Paris, April 24
He was once the subject of mockery in French political circles — now it appears that Emmanuel Macron could have the last laugh. At 39, and running on an independent ticket, he has made through to the May 7 runoff where he will face far-right leader Marine Le Pen. He secured 8.4 million votes — more than any other candidate — in the first round.
Macron, who has never before held elected office, was current President Francois Hollande’s Economy Minister but quit to create his own party, En Marche, which pushes a liberal, pro-EU agenda.
To his fans, Macron is the jolt that France needs — a dynamic fighter for reforms who could pull the country out of its economic malaise and crisis of confidence. To critics, he is an opportunist selling himself as a political rebel despite serving under Hollande for years and attending the same elite schools that have trained generations of French leaders.
His rival — Marine Le Pen — fits into well-defined political boxes. Macron does not. He wants to cut regulations that discourage entrepreneurship, reduce the size of the French state, welcome refugees and promote closer European integration.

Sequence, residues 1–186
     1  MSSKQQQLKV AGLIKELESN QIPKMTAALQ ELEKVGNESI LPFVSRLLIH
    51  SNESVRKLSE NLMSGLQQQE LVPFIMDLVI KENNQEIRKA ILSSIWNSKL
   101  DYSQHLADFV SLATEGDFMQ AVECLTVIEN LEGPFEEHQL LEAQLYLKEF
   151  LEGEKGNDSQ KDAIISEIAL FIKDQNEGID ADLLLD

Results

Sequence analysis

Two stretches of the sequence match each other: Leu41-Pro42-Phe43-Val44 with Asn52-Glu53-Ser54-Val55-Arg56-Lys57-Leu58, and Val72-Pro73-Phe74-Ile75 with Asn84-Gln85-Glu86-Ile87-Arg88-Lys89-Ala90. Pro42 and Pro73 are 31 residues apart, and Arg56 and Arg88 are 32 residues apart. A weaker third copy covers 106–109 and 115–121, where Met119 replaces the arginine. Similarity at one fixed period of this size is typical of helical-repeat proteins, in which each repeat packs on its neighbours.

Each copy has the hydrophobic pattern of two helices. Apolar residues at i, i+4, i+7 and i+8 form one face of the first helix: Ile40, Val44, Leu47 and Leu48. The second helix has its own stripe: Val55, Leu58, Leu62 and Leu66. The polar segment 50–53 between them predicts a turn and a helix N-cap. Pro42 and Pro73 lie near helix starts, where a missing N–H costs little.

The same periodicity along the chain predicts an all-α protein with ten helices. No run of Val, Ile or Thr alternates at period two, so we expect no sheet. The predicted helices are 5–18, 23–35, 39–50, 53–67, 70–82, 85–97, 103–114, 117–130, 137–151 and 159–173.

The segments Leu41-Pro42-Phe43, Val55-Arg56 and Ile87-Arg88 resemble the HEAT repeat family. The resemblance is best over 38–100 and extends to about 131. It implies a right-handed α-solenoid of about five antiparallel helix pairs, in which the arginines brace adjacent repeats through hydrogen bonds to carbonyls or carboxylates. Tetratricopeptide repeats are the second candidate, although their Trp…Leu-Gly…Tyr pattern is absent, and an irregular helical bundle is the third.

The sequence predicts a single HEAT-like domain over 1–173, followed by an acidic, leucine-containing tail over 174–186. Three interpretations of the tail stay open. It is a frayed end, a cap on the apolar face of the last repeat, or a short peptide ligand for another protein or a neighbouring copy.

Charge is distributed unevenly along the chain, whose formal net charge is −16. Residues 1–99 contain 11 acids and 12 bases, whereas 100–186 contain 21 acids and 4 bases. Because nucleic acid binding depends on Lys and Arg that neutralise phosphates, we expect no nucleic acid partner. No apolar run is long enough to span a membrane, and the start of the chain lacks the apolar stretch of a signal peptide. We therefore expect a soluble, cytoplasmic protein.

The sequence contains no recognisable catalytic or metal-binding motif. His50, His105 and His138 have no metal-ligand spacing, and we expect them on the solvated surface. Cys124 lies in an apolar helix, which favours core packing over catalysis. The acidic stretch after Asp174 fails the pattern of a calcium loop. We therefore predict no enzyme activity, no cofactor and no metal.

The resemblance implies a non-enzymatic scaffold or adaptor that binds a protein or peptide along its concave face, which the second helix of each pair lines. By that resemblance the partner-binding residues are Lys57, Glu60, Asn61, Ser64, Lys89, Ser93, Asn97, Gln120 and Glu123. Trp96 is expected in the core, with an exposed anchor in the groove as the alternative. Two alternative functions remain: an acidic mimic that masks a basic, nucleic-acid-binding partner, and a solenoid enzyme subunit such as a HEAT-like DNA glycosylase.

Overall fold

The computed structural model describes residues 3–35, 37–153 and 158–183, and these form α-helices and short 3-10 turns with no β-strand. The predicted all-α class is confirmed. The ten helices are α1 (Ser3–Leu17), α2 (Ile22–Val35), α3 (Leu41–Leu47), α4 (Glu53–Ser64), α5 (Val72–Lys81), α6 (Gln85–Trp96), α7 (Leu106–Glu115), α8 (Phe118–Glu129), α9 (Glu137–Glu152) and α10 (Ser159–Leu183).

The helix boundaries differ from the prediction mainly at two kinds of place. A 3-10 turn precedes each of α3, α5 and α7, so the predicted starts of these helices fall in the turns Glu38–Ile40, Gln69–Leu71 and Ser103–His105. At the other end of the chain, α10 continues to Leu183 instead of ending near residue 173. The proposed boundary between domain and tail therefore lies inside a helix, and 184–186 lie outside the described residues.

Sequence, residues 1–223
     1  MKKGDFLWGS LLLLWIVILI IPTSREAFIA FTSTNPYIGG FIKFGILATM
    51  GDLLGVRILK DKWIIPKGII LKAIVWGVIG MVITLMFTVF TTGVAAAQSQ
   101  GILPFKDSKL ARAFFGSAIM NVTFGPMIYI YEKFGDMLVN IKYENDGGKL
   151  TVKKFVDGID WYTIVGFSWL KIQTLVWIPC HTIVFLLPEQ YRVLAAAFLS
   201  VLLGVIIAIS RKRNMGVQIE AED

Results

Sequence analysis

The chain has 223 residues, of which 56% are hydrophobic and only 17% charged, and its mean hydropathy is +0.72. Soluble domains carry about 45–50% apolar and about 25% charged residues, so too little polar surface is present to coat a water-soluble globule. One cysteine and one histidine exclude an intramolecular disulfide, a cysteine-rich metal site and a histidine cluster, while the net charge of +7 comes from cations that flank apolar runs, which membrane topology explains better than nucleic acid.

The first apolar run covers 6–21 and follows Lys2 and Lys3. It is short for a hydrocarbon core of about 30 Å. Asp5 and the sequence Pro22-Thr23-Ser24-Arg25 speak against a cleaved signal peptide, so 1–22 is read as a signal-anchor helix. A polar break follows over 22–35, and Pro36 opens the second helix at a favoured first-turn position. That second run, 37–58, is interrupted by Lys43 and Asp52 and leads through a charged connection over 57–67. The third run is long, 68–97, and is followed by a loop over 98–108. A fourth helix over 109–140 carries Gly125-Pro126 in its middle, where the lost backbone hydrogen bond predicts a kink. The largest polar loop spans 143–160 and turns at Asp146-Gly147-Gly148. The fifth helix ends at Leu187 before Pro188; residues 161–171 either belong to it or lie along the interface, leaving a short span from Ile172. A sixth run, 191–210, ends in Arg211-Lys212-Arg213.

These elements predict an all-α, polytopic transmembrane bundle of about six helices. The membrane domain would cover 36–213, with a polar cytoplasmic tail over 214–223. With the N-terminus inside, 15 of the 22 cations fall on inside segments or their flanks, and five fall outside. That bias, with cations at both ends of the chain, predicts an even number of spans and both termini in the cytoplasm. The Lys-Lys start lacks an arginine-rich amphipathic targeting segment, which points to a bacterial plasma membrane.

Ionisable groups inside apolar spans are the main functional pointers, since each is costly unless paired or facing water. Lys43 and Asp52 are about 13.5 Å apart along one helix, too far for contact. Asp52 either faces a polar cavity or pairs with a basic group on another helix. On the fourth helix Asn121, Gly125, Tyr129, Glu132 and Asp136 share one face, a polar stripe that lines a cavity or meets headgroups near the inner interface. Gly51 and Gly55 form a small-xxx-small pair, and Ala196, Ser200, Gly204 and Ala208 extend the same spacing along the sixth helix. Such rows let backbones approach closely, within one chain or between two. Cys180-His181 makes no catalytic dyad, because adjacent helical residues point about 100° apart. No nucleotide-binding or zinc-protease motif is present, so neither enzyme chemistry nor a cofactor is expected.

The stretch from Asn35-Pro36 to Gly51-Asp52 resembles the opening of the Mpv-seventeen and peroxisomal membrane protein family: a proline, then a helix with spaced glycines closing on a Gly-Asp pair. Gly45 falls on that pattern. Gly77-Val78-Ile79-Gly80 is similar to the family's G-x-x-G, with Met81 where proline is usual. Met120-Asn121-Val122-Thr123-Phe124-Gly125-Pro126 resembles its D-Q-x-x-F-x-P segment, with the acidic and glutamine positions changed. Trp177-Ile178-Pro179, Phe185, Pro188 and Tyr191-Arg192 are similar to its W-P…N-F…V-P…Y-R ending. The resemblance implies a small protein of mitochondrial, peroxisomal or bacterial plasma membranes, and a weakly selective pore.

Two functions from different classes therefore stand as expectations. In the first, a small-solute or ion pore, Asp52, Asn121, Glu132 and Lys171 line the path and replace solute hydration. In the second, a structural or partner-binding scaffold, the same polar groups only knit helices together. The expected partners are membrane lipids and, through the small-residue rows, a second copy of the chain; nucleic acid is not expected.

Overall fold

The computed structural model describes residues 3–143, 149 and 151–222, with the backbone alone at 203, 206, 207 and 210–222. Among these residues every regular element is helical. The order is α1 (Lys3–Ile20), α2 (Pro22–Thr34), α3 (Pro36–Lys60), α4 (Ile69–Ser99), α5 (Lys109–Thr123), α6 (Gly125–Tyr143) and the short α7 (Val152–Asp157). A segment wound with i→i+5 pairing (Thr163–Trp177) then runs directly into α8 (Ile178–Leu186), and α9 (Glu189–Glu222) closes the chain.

As most other parties are now backing him, he is almost certain to win. But he may struggle to get enough of his candidates elected to Parliament - where more established parties, such as the Republicans and the Socialists, currently have the most seats.
“In French politics, if you were neither right nor left you were nowhere. He has turned this into strength,” said Pascal Lamy, the former head of the World Trade Organisation who has known Macron for over a decade.
If he is victorious, it will have major implications, not just for France, but for Europe. — Agencies
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